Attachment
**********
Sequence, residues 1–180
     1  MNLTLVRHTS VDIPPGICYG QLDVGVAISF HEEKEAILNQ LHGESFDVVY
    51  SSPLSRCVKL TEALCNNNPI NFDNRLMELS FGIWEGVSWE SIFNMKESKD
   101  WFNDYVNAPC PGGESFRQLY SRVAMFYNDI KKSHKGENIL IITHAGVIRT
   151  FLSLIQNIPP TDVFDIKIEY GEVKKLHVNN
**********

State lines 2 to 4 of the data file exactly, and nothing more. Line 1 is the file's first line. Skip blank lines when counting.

     1  MNLTLVRHTS VDIPPGICYG QLDVGVAISF HEEKEAILNQ LHGESFDVVY
    51  SSPLSRCVKL TEALCNNNPI NFDNRLMELS FGIWEGVSWE SIFNMKESKD
   101  WFNDYVNAPC PGGESFRQLY SRVAMFYNDI KKSHKGENIL IITHAGVIRT